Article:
Finding the best note-taking apps for iPad can significantly enhance productivity, creativity, and organization – especially with the use of the Apple Pencil or a third party stylus pen.
This blog post will cover a variety of exceptional apps on the iPad that are designed to meet different user workflows. Some even provide handwriting options for better retention.
- Notability features audio sync, Pencil, and Math conversion and allows for iCloud sync and top tier note organization.
- Apps like GoodNotes excel in organization and handwriting recognition, and converting handwriting to text.
- Apps like OneNote, Evernote, and Apple Notes, are aimed at typed notes and have cross-compatibility – but typically not the handwriting and organization features most iPad users seek out.
There are 25+ different apps we’ve tested (we’re big into note-taking). Many don’t know that iPad has separate apps for typed notes and handwritten note-taking.
The biggest debate is between GoodNotes and Notability – these are the two apps that are most commonly sought after for the premium note taking experience.
This is because they have the most advanced technologies embedded in the apps (like audio note taking)
Also see: How to take Notes on iPad (Multiple methods & systems for better note-taking)
By exploring the apps in this list, users can ultimately discover a powerful combination of technology and customization that brings their note-taking on iPad experience to the next level.
Keep in mind: There are a Variety of Note-Taking Apps on iPad
There is a wide range of note-taking apps available on the iPad, each offering distinct features and capabilities.
Here’s the three different types:
- Note taking apps on iPad for Typed notes: These work best if you’re a writer, professional, researcher, or someone who doesn’t need visual notes and scribbling (example: Apple Notes)
- iPad apps for taking handwritten notes: These apps are ideal for students, creatives, or anyone that prefers to jot down handwritten notes and drawings in combination with typing (Example: Notability and it’s alternatives)
- iPad apps that are compatible with Apple Pencil: Most of the apps that have OCR and space for drawing will let you use the apple pencil. You can typically convert handwriting to text on iPad this way.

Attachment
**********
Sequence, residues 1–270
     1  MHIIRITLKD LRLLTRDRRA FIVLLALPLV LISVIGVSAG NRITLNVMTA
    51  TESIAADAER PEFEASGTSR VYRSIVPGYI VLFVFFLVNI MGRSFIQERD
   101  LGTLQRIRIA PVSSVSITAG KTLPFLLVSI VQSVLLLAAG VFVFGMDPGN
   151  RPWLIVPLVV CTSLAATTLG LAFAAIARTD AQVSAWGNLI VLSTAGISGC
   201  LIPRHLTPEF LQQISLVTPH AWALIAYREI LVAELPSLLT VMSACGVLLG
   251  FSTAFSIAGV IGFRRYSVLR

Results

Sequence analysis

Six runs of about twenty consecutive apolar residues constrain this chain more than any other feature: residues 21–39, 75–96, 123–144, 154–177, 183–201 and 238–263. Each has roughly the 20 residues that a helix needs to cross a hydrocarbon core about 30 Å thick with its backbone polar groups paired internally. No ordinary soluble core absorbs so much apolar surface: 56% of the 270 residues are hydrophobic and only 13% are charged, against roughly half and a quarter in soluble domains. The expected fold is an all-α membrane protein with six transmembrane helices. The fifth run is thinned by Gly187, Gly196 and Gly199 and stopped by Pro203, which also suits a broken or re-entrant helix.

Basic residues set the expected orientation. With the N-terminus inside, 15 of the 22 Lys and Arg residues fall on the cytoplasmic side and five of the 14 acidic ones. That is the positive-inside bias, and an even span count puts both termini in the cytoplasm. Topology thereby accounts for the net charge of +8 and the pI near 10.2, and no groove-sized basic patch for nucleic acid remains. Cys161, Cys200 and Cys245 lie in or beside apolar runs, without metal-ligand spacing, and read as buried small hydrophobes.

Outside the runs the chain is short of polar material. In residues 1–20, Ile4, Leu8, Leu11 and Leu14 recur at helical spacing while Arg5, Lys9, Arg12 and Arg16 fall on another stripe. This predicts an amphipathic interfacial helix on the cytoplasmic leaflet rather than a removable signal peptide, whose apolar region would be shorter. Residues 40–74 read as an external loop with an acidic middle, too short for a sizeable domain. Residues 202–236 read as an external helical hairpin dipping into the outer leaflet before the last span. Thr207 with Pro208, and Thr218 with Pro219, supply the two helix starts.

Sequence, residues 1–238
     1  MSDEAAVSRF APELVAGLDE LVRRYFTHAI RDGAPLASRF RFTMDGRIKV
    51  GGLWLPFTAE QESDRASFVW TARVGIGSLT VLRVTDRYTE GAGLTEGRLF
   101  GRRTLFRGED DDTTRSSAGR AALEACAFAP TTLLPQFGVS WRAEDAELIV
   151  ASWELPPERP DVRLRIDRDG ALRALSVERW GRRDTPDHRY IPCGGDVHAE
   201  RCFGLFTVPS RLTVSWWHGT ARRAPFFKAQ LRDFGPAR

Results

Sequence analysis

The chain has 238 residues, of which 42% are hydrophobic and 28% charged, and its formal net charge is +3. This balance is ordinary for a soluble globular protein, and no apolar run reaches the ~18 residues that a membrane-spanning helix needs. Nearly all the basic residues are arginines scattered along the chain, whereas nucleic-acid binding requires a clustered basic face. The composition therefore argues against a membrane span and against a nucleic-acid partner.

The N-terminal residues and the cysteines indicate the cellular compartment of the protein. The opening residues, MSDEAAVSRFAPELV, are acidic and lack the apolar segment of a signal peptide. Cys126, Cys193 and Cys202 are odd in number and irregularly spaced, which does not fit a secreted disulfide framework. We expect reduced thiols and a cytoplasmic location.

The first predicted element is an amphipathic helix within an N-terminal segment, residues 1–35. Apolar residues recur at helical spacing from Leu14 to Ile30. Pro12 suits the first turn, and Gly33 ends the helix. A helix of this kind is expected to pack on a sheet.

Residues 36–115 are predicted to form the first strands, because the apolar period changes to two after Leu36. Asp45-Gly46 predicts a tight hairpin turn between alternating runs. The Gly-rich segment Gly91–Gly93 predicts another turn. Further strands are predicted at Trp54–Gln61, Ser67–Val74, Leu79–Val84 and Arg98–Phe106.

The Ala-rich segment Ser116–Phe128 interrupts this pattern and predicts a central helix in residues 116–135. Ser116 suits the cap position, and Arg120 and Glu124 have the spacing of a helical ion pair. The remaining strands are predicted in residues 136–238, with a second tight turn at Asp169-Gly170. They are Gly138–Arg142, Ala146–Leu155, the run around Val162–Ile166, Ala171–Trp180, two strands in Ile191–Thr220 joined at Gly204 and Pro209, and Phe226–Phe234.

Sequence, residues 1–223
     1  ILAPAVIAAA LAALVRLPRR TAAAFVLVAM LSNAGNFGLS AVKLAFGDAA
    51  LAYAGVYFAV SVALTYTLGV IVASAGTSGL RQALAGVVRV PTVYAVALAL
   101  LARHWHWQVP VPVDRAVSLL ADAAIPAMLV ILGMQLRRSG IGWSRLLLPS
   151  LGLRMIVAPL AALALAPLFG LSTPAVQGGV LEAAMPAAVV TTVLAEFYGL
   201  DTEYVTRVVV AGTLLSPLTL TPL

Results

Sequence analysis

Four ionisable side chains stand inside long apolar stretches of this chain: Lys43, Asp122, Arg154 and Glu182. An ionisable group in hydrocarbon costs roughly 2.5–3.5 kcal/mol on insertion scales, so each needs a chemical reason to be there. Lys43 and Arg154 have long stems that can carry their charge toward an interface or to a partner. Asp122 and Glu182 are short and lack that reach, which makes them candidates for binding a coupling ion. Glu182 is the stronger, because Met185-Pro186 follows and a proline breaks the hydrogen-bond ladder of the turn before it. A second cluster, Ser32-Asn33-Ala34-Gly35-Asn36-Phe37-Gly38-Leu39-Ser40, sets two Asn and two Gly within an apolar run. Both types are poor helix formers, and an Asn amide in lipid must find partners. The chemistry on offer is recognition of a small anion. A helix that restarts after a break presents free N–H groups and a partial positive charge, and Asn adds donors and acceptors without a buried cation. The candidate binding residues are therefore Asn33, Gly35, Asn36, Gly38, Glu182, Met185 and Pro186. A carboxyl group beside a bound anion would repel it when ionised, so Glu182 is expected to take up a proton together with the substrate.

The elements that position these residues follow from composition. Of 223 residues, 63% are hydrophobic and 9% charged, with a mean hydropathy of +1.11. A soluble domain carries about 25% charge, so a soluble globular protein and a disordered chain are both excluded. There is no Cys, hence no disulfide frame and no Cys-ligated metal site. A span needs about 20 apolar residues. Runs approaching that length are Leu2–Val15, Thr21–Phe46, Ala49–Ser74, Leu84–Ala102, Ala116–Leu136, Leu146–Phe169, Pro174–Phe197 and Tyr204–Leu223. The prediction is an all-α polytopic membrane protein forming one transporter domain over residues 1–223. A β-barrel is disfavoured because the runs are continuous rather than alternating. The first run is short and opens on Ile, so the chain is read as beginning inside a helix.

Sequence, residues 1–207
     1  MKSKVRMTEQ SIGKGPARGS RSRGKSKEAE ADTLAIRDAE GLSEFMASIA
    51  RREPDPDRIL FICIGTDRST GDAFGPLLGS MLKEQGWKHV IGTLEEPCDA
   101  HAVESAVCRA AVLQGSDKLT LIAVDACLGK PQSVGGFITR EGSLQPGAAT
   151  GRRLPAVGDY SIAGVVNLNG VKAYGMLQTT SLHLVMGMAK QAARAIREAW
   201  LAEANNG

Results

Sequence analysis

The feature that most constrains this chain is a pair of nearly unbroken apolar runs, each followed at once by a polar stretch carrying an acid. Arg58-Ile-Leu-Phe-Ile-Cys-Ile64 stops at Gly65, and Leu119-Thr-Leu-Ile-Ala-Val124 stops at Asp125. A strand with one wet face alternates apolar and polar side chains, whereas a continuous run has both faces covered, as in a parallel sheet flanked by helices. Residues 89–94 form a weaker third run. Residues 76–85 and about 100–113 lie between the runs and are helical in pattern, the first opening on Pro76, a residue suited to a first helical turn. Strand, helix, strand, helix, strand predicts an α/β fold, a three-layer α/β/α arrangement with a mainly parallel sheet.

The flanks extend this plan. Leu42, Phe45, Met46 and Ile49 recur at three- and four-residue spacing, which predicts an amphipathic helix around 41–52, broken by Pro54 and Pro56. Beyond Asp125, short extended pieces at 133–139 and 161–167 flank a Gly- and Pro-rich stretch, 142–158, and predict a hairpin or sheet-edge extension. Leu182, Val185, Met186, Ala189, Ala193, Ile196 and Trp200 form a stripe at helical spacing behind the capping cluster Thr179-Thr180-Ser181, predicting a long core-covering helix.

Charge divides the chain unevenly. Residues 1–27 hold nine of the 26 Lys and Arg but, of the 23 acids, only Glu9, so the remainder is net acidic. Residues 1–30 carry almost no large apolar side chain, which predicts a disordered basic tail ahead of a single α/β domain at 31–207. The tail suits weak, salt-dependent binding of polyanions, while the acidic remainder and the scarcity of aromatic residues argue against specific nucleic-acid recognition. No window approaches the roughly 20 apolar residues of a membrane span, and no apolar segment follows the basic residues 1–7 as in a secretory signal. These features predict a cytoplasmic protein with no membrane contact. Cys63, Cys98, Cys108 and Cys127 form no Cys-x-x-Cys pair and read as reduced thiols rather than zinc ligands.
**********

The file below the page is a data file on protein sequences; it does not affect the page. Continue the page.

There are also options for multimedia note-taking, including images, audio recordings, and more. The key is to find the one that best suits your personal or professional workflow.
… or skip to this section if you need to see the best apps for typed notes on iPad (If you have no need to draw or sketch)
- Keep in mind: There are a Variety of Note-Taking Apps on iPad
- Top Note-Taking Apps for iPad
- Best Note-taking Apps for typing your notes
- Best Note-Taking Apps for iPad for handwritten notes (Visual notes)
- 1. GoodNotes: Overall Best Note Taking app on iPad (Balanced PIck)
- 2. Notability: Best Note taking app for those who need advanced features
- 3. NoteLedge
- 4. Noteshelf
- 5. Nebo
- 6. Evernote
- 7. Notepad+
- 8. Whink
- 9. ZoomNotes
- 10. Penbook
- 11. Zoho Notebook
- 12. CollaNote
- 13. MarginNote 3
- 14. LiquidText
- 15. Freeform by Apple
- 16. Noteful
- 17. Penultimate by Evernote
- 18. PDF Expert
- Which is better: Handwritten and Typed Notes on iPad?
- Note-Taking Apps with Apple Pencil Compatibility
- Advantages of Note-Taking on iPad
- Optimal Note Organization on iPad for School or Work
- Exploring Note-Taking App Features
- User Surveys: iPad Note-Taking App Preferences
- Criteria for Ranking the Best iPad Note-Taking Apps
- iPad Alternatives for Note-Taking: E-ink Devices (Remarkable, Supernote, Mobiscribe)
- Comparing Note-Taking on iPad Air and iPad Pro
- Apple Pencil vs. Third-Party Styluses for iPad Note-Taking
- Handwriting Conversion to Text on iPad
Some apps focus on specific functionality, such as PDF annotation, sketching, or mind mapping, while others prioritize overall organization and structure.
Most importantly, a variety of apps are compatible with Apple Pencil, providing a seamless and versatile experience when it comes to note-taking. Side note: To make the most of these apps, users should consider factors like ease of use, multi-device compatibility, pricing options, and cloud synchronization.
Top Note-Taking Apps for iPad
Several note-taking apps on the iPad stand out as top choices, offering a balance of powerful features and ease of use. Some of the most popular options include Notability, GoodNotes 5, and Apple Notes.
Notability is known for its audio recording feature, handwriting recognition, and multi-note support, among others. GoodNotes 5 offers a comprehensive organizational system, robust searching capabilities, and customizable templates.
Apple Notes, as a native app for all Apple devices, has evolved over the years to include features such as Quick Note and seamless compatibility with Apple Pencil. One advantage of these apps is their compatibility with third-party accessories like Paperlike, which enhances the writing experience by giving the screen a more paper-like feel.
Let’s dive into our top picks:
Best Note-taking Apps for typing your notes
These note taking apps will focus on typed notes, so with these apps, you can learn how to take notes on iPad without an apple pencil. I’ll be discussing apps for taking handwritten notes later in this section.
Let’s dive into the Top Note-taking Apps for Typed Notes:
1. Apple Notes
Apple Notes has long been a trusted companion in the note-taking world. Its tight integration with iOS and macOS makes it a convenient and natural choice for Apple enthusiasts. The app offers a clean interface with a customizable toolbar that lets you access essential tools efficiently.